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Singapore Airlines Reports Record Operating and Net Profit for 9M FY2024: 5 Highlights from the Airline’s Latest Earnings

SIA
SIA

Next in line to report its latest results is Singapore Airlines Limited (SGX: C6L), or SIA.

Singapore’s national carrier saw a mixed financial result for the quarter but achieved a record operating and net profit for the first nine months of fiscal 2024 (9M FY2024).

The blue-chip airline, however, warned of heightened competition along with macroeconomic challenges and inflationary pressures.

Here are five things that investors can learn from SIA’s latest business update.

1. A mixed financial performance

For SIA’s third quarter of fiscal 2024 (3Q FY2024) ending 31 December 2023, revenue rose 4.9% year on year to S$5.1 billion.

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The higher revenue was because of a rebound in travel demand as China, Hong Kong, Japan, and Taiwan fully reopened.

Group operating profit for 3Q FY2024, however, tumbled by 19.3% year on year to S$609 million on the back of a 9.3% year-on-year increase in total expenditure.

Although passenger revenue increased year-on-year, SIA saw lower cargo revenue coupled with higher net fuel costs.

Higher staff costs, landing charges, aircraft maintenance, and overhaul costs also ate into the airline’s operating profit.

Despite the weaker operating profit, net profit inched up close to 5% year on year to S$659 million, aided by higher net interest income and share of profits from associated companies.

For 9M FY2024, SIA’s total revenue increased by 7.4% year on year to S$14.2 billion.

Operating profit improved by 8.7% year on year to S$2.2 billion, a new record.

Net profit surged by 35% year on year to S$2.1 billion, the first time that this metric has exceeded the S$2 billion mark for the first nine months of the fiscal year.

2. Healthy passenger traffic offset by lower cargo yields

Passenger volume stayed healthy as demand for air travel remained strong.

Both SIA and Scoot, its low-cost carrier, ferried 9.5 million passengers for the quarter for a 29.4% year-on-year increase.

While capacity expanded by close to 18%, it was outpaced by the growth of 19.1% in passenger traffic.

These strong numbers helped to lift the group passenger load factor by 0.8 percentage points to 88.2%.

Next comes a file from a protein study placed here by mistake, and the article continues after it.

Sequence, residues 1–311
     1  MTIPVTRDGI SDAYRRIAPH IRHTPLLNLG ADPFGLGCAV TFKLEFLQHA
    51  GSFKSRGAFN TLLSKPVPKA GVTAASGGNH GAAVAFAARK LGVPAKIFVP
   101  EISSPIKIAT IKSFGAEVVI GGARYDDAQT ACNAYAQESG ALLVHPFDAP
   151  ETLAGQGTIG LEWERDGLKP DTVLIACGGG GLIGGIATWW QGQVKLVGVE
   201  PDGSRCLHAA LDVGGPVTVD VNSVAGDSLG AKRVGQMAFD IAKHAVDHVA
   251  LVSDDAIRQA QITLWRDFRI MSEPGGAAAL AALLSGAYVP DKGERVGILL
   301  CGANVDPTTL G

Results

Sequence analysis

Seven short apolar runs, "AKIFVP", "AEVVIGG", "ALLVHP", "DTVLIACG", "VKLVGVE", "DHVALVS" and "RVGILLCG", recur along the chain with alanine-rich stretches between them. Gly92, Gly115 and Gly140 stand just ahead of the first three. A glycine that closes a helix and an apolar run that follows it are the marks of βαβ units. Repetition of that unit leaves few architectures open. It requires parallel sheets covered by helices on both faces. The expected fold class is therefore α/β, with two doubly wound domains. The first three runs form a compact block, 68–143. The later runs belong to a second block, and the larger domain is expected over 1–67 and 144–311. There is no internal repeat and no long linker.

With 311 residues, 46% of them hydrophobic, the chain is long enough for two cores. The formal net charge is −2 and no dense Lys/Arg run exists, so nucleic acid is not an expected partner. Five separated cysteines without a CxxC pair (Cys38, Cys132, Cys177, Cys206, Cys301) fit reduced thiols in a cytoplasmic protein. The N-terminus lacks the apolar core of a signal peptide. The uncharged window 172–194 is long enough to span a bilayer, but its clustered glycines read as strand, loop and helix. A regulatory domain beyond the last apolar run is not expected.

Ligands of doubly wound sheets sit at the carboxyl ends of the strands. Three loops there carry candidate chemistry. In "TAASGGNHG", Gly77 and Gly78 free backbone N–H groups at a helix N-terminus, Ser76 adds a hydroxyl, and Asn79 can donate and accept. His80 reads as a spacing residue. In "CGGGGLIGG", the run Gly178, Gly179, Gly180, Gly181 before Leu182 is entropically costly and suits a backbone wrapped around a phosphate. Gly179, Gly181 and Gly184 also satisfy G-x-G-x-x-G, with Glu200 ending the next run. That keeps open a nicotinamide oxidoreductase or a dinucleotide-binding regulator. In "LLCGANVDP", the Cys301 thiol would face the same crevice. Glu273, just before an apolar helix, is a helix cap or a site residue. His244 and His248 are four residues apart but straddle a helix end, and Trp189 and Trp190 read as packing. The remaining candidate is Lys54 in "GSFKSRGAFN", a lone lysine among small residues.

Moving on to the cargo segment, loads increased marginally by 4% year on year because of strong year-end demand for e-commerce.

However, it was offset by a plunge in cargo yields as they fell by 37.4% year on year.

Despite this, cargo yields were still 32.1% higher than pre-pandemic levels.

3. Adding more planes to SIA’s fleet

As of 31 December 2023, SIA’s operating fleet comprised 195 passenger aircraft and seven freighters for a total of 202 aircraft.

The average age of the fleet was seven years and one month.

SIA added three Boeing 787-10s to its fleet during 3Q FY2024 while Scoot will add its first Embraer E190-E2 aircraft in April this year.

The airline has 92 aircraft on order.

4. Ramping up to pre-pandemic capacity levels

SIA has been gradually ramping up its flight network as more countries fully reopen.

During 3Q FY2024, the carrier reinstated services to Chongqing and Xiamen with Scoot resuming flights to Kunming.

With these resumptions, the group now flies to 23 destinations in China, just slightly below the 25 it had pre-pandemic.

From 31 March to 26 October this year, SIA plans to ramp up flights to Fukuoka and Nagoya in Japan from five times weekly to daily.

It also intends to gain regulatory approval to launch five times weekly flights from Singapore to London’s Gatwick Airport in June 2024.

SIA envisions that its capacity levels should return to pre-pandemic levels by FY2025.

5. A cautious outlook

The airline offered a cautious outlook for the first half of this calendar year.

While the demand for leisure travel remains strong, passenger yields will be under pressure from increased competition as the industry restores capacity across the board.

Economic uncertainty and geopolitical troubles may also weigh on consumer sentiment and hold people back from spending.

Coupled with high fuel prices and inflation, airlines in general are facing a tougher cost environment and may see expenses rise more than revenue.

Get Smart: Sustainable aviation fuel

From 2026, travellers who fly out of Singapore need to pay higher airfares as the government will impose a levy to require flights to use environmentally sustainable jet fuel.

The levy will vary based on factors such as flight distance and class of travel.

At this point, it is estimated that passengers on short-haul flights need to pay S$3 more while those on medium and long-haul flights need to pay an additional S$6 and S$16, respectively.

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Disclosure: Royston Yang does not own shares in any of the companies mentioned.

The post Singapore Airlines Reports Record Operating and Net Profit for 9M FY2024: 5 Highlights from the Airline’s Latest Earnings appeared first on The Smart Investor.